State bar suspends prosecutor in handling of Tucson murder case

2014-03-27T00:05:00Z 2014-03-27T10:43:12Z State bar suspends prosecutor in handling of Tucson murder caseBy Carmen Duarte Arizona Daily Star Arizona Daily Star

A prosecutor with the Pinal County Attorney’s Office was suspended from practicing law for violating professional conduct standards stemming from a homicide case in Pima County.

Attorney Richard M. Wintory was suspended effective March 15 from practicing law for 90 days under an agreement with the State Bar of Arizona.

The agreement was accepted by Mark S. Sifferman, acting presiding disciplinary judge of the Arizona Supreme Court.

Wintory also was ordered to pay $1,911 to the State Bar for costs incurred during its investigation.

Wintory, who could not be reached for comment, was placed on administrative leave without pay for the duration of the suspension, Jim Knupp, a Pinal County Attorney’s Office spokesman, said in an email Wednesday. Wintory will return to his duties once the suspension is completed, Knupp said.

The State Bar began an investigation into Wintory in January 2013 in regard to a homicide case in which Darren Irving Goldin pleaded guilty to second-degree murder in the drug-related killing of Kevin Estep.

In May 2010, Wintory obtained a first-degree-murder indictment against Goldin, 52, while working as a prosecutor for the Pima County Attorney’s Office.

When Wintory resigned and moved to the Arizona Attorney General’s Office, he took the case with him and announced in August 2010 that he would be seeking the death penalty for Goldin, who was accused of paying another man $5,000 to kill Estep.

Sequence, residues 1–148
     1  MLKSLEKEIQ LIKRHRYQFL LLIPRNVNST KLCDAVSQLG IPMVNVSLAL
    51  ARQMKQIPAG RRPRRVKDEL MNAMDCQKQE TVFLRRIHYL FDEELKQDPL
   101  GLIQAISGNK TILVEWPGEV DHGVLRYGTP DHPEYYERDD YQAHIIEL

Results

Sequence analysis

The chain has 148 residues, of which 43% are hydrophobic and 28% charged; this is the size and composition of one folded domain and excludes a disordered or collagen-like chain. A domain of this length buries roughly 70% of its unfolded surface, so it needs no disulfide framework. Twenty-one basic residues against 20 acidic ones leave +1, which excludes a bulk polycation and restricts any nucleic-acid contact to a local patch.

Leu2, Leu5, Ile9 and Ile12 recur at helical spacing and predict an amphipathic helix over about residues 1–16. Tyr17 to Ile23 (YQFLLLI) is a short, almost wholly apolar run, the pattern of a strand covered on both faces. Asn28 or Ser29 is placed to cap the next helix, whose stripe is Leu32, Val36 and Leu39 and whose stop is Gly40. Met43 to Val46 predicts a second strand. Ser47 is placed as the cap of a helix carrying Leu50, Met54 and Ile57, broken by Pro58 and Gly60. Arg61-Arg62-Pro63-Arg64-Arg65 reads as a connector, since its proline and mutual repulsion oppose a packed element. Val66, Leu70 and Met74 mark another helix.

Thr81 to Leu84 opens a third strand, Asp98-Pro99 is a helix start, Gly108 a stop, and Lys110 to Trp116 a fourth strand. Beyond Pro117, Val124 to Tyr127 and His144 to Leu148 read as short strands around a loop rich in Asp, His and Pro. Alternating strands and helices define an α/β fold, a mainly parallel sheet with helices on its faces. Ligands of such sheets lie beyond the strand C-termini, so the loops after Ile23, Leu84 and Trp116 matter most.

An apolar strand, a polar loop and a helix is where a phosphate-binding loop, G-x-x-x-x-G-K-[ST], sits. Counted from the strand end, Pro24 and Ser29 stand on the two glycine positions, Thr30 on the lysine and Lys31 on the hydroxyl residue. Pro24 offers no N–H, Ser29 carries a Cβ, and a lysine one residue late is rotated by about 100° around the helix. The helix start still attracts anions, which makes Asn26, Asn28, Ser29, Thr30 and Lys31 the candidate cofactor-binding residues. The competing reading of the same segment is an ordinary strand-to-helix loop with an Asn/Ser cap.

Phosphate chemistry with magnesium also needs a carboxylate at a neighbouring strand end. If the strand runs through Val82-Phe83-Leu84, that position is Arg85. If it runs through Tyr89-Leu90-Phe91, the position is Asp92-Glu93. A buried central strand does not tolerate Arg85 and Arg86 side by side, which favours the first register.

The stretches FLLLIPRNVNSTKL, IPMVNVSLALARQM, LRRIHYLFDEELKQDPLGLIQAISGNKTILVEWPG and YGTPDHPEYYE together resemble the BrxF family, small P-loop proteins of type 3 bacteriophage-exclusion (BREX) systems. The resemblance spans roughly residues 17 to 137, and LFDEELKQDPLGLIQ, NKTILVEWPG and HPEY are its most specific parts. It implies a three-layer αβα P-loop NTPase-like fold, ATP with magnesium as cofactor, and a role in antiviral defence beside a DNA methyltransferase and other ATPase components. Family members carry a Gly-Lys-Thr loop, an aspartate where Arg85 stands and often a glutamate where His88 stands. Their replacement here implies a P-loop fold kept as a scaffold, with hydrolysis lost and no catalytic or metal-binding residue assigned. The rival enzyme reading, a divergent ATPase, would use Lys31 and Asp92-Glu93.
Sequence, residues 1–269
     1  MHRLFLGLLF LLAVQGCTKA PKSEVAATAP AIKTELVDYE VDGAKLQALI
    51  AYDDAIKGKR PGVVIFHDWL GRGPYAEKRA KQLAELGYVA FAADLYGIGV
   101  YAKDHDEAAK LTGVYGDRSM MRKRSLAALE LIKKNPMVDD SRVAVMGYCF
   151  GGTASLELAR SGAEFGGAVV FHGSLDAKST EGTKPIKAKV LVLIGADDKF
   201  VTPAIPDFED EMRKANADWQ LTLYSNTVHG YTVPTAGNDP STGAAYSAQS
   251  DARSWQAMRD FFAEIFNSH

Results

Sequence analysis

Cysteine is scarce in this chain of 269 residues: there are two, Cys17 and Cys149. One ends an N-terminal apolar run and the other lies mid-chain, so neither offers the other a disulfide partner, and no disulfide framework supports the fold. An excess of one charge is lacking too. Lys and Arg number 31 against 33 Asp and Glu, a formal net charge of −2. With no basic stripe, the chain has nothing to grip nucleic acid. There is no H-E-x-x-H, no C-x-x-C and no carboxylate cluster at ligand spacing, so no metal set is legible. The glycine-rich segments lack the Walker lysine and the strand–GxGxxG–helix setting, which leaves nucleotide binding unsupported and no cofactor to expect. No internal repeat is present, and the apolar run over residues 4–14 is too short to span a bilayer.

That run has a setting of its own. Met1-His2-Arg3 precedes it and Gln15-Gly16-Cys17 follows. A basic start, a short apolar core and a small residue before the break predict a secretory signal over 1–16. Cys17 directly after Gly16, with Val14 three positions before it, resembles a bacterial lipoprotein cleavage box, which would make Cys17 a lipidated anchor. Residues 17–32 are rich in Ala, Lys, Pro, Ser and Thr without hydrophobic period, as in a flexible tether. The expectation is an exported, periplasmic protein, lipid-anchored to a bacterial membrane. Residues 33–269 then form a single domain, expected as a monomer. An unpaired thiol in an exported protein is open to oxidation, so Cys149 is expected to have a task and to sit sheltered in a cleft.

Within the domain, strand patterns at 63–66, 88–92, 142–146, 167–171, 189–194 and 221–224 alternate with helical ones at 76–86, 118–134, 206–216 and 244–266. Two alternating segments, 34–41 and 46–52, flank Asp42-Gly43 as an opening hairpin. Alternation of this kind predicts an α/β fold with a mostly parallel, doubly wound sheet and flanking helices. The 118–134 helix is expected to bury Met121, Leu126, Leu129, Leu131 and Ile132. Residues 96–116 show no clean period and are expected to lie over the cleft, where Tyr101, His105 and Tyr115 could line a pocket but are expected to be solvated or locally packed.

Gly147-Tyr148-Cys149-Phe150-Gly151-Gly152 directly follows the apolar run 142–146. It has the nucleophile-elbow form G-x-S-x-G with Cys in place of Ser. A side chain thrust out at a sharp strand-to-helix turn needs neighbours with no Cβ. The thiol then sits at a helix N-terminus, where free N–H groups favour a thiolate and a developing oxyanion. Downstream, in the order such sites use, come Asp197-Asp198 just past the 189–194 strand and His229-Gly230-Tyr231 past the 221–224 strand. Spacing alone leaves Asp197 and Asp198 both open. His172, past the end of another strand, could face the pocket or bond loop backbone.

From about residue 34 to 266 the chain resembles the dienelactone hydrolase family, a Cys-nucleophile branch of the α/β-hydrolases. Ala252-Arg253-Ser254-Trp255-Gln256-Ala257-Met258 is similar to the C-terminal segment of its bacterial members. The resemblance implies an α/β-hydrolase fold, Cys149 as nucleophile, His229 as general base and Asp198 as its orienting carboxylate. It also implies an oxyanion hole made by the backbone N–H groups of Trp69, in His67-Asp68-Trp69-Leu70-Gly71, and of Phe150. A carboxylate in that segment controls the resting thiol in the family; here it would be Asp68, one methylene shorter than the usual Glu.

After sentencing Goldin to 11 years in prison under a plea deal, Pima County Superior Court Judge Paul Tang announced that he would ask the State Bar to investigate Wintory for possible ethical violations.

Wintory was removed from the case by his supervisor in the state Attorney General's Office, and the office was no longer seeking the death penalty.

The State Bar found Wintory committed wrongdoing by repeatedly communicating by phone with a confidential intermediary who had been appointed to assist the defense in uncovering mitigation evidence as part of the death-penalty case.

It also found that Wintory did not inform the court, his co-counsel or his supervisors of the extent of his conversations with the confidential intermediary.

As a result, the defense filed a motion to have Wintory and the Attorney General’s Office recused from prosecuting the case.

Pima County Attorney Barbara LaWall could not be reached for comment.

Contact reporter Carmen Duarte at cduarte@azstarnet.com or 573-4104

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